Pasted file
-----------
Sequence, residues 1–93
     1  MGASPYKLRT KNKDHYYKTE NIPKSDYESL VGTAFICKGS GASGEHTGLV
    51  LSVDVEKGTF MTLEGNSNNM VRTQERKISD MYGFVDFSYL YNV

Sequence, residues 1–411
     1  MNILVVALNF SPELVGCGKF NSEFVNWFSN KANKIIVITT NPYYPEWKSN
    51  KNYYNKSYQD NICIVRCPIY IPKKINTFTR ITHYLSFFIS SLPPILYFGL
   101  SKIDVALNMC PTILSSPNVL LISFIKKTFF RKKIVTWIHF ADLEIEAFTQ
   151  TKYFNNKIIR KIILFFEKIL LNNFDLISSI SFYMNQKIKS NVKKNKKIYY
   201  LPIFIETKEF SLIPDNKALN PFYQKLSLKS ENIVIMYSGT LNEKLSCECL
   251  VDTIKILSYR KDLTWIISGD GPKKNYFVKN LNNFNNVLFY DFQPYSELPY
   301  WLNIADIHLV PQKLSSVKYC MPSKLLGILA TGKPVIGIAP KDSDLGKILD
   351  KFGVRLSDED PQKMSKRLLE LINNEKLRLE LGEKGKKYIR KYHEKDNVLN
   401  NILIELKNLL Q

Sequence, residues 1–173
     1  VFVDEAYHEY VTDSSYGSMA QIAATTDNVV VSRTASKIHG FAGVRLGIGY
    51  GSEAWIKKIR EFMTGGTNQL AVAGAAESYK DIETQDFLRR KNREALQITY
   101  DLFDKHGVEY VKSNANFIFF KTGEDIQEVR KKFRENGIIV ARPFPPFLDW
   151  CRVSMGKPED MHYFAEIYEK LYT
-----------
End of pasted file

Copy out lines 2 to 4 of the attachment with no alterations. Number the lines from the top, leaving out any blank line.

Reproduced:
     1  MGASPYKLRT KNKDHYYKTE NIPKSDYESL VGTAFICKGS GASGEHTGLV
    51  LSVDVEKGTF MTLEGNSNNM VRTQERKISD MYGFVDFSYL YNV

Sequence, residues 1–411